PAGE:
Let me start by pretending that it hasn’t been months since our last post. Oh, hey everybody! I’m happy to report that two novels recently provided a much-needed intermission in the midst of a depressing marathon of crappy reads (see my most recent post to know what is a huge waste of your valuable time). My favorite of the two, The Martian by Andy Weir, I finished first, so I’ll brag on that one now and save the second novel for later.
I cannot say enough good things about this novel! The premise is a simple one: an astronaut, Mark Watney, in the not-so-distant future gets stranded on Mars and has to use his skills and intellect to find a way to try to survive. Fist of all, Andy Weir is a fantastic writer and I hereby avow to read anything and everything he ever writes. The amount of research that obviously went into writing this novel astounds me; not only does Weir take the time to explain the ways Watney uses mathematics and chemistry to resolve the numerous obstacles he encounters (and apparently Mars offers up no shortage of obstacles), but he somehow makes said math and chemistry interesting. Despite my incompetence at both subjects, Weir managed to help me understand the constant environmental threat to Watney’s life while keeping me riveted as to how he could possibly overcome this.
Let me make something clear: I have no doubt, after reading this masterpiece, that I wouldn’t last even a single second on Mars. My grandfather was training to be an astronaut when he passed away, so reading this novel as only heightened the level of flabbergasted respect that I already had for him and others who choose such a risky profession. On top of that, the main character, Mark Watney, is easily one of the most relatable yet unbelievably superior, hilarious yet vastly competent, down-to-Earth but literally out in Space characters I’ve ever read. Weir has created a painfully compelling character and has placed him in a scenario that readers can’t possibly comprehend surviving themselves. Not only is the simple premise fascinating, but the intricacies will maintain and heighten your interest while the main character gets you emotionally invested. The Martian is truly a masterpiece of literature that all writers, no matter the genre or subject matter, should strive to emulate. Whatever the scale, Weir gets the highest score, the most available stars or thumbs ups. Do yourself a favor; read this book.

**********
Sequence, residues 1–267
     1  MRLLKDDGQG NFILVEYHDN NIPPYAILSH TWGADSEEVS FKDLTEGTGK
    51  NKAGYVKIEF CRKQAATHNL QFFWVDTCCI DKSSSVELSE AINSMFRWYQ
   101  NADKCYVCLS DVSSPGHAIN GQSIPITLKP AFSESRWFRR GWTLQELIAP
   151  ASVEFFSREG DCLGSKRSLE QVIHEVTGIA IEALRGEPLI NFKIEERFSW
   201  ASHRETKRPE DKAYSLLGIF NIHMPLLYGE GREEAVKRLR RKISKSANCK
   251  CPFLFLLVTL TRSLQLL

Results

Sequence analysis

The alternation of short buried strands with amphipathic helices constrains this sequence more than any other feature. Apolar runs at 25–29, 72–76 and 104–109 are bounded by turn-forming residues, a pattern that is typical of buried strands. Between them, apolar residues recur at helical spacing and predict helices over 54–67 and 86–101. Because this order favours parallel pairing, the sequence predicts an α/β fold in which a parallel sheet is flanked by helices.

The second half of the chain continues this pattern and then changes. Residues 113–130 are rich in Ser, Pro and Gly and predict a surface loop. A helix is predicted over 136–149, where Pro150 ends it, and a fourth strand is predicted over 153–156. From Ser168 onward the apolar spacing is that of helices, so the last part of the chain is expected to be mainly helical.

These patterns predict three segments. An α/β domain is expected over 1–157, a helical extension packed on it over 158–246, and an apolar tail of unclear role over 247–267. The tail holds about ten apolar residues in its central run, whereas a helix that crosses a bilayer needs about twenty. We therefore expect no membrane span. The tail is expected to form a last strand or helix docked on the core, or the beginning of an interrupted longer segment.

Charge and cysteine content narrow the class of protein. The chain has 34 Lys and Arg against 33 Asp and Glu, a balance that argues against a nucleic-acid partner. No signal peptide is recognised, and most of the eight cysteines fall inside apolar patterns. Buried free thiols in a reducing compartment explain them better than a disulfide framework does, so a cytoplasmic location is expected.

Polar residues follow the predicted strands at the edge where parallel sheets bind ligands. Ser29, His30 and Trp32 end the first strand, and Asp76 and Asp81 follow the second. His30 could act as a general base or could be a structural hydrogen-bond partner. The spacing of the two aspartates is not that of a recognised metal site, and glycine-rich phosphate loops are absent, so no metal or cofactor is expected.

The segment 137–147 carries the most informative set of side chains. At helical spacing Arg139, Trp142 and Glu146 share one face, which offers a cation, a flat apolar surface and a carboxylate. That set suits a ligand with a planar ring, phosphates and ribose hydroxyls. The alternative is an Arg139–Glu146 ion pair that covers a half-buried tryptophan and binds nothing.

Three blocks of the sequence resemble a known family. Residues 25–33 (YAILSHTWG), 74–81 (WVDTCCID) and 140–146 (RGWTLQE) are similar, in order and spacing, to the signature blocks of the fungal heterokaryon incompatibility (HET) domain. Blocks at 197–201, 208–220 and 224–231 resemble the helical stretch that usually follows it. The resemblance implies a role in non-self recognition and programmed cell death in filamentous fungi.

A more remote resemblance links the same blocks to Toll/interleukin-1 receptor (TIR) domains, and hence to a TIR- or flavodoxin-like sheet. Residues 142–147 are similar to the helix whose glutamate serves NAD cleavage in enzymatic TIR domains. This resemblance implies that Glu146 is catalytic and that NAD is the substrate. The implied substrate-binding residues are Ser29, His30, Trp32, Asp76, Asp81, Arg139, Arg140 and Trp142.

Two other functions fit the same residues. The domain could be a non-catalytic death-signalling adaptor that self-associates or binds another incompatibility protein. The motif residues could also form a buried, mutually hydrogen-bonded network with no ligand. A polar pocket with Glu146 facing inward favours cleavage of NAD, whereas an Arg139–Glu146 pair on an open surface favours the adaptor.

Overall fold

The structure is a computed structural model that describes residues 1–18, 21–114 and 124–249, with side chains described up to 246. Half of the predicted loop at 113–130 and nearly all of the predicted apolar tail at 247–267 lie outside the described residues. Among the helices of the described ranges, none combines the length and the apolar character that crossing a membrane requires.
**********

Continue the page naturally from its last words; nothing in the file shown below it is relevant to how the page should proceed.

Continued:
AND ANOTHER THING! The fun is far from over upon completion of the book because it is being made into a movie. I’ve not been this excited about an adaptation since The Great Gatsby, and JOY OF JOYS, Baz Luhrmann has no hands in this feature so it should be safe from blasphemy! So read it before the movie comes out, comment on here and let me know how you liked the book, and then we can see the movie and continue the discussion.
Like I said, I have one other positive review coming your way soon, and I’m currently reading The Mechanical by Ian Tregillis, as well as The Grace of Kings by Ken Liu. Both of these works are 600+ pages, so they’re not quick reads, but I’m doing my best to get reviews out to you soon. Stay tuned. I hear Hannah has a few works to review, too, and maybe we’ll get a “Read This, Drink That” treat! We both appreciate your continued patience and allegiance and we’d love to hear from you all. Happy reading!